2. I went to a workshop sponsored by ACS once for "improving your employment prospects". We listened to lectures for about an hour, a very old member of ACS reviewed my CV and told me *gasp* to increase the font size and delete two sentences.

    This is why I pay $140 a year?

    ReplyDelete
  3. ACS lackeys will be first to get lined up when the revolution happens.

    ReplyDelete
  4. I have to agree that the ACS career service - especially the advisors - is pathetic. One "advisor" gave me 200% useless formatting advice. The second one told me to teach at a community college instead of applying for a faculty job at his university and the third one just wanted to rack up brownie points with the ACS for having the max number of "advisees". Is David Harwell reading this?

    ReplyDelete
  5. Maybe the ACS should start a campaign to help us make homemade antidepressants, teach us how to ask our family for extra income, and offer courses in "underground chemistry".

    That said, everything but pointing a gun to the head of the powers that be is not really all that effective.

    Maybe we need more tax incentives.

    ReplyDelete
  6. I'm in the UK so I don't know much about the ACS, but does membership of it mean much from an employment / professional perspective? If not, perhaps it is time for members to leave?
    We have a similar problem with the RSC in the UK. It feels more like a society for employers, not chemists. Contrast this with the professional bodies for doctors, pharmacists and dentists.

    ReplyDelete
  7. Well anon @1.07AM - I was a chemist in the UK for 18 years and not once did I join the RSC. You can attend the meetings, browse the careers site and read the journals as a non-member (company pays, so who cares how much it costs), and like you say, it always felt to me like it was run for the benefit of the employers, not the members.

    One example would be the joint policy statement with AstraZeneca and GlaxoSmithKline of about 6 years ago decrying the lack of chemists in the UK and how they had to go recruit Europeans. Epic fail on that one, Leaders!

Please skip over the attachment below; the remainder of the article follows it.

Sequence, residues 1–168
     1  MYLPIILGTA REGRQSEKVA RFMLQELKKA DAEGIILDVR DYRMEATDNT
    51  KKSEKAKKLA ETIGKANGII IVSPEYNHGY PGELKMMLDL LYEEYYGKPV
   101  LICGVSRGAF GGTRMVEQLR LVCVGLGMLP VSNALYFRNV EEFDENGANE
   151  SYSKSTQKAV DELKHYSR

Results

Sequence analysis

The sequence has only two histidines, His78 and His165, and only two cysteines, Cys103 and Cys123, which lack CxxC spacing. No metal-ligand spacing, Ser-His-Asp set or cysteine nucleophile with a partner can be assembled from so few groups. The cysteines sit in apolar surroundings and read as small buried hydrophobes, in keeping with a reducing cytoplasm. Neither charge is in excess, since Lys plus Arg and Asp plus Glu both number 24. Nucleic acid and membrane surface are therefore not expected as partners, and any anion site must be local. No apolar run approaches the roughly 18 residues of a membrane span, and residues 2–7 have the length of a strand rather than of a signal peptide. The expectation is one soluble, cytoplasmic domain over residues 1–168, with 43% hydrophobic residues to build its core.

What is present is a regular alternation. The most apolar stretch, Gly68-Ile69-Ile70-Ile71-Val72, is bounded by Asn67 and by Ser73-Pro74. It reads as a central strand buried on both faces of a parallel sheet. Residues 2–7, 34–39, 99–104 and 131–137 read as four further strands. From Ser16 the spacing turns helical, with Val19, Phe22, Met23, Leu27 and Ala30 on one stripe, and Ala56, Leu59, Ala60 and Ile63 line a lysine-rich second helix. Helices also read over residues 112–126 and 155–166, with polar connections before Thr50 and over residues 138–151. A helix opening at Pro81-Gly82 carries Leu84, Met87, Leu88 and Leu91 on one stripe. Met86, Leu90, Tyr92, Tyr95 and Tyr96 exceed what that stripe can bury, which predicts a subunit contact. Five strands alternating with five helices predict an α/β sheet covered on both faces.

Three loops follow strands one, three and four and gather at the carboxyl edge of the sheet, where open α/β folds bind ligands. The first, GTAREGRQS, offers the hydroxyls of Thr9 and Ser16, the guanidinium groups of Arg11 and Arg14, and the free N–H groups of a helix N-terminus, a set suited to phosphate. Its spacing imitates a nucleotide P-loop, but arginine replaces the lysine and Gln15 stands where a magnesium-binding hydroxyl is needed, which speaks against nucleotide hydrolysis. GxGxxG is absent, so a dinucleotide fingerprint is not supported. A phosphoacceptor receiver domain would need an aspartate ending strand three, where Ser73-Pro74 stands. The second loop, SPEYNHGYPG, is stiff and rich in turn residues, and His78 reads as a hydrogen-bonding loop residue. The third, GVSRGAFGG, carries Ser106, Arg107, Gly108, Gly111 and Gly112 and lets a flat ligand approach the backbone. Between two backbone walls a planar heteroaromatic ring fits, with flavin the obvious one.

You hit the nail on the head - the chiefs at RSC don't think of it as a professional body whose primary stakeholder is the working chemist. There simply aren't enough chemists to compare it with the BMA - their membership is large enough to demand what they want.

    ReplyDelete
  8. Anon 3:13, I'm surprised you got a hold of anyone at all. If you look for organic chem advisors in pharma only 2 of the 8 listed are accepting appointments.

    Anon 1:07, no, membership certainly does not correlate to employment and the RSC sounds very similar to the ACS. That's one of the big railing points you'll see about any ACS conversations that pop up these days; people accuse them of constantly badgering the government to fund more chemistry Ph.Ds when there's been a growing bottleneck of Ph.Ds for years and years. Membership means more dollars in their pockets and that has also been a source of contention (the head of this "non-profit" is paid about $1 million annually).

    Generally people can get by without being members once their careers are established, but grad students and postdocs must be members so they can get discounts to conferences and access to some of the job ads.

    ReplyDelete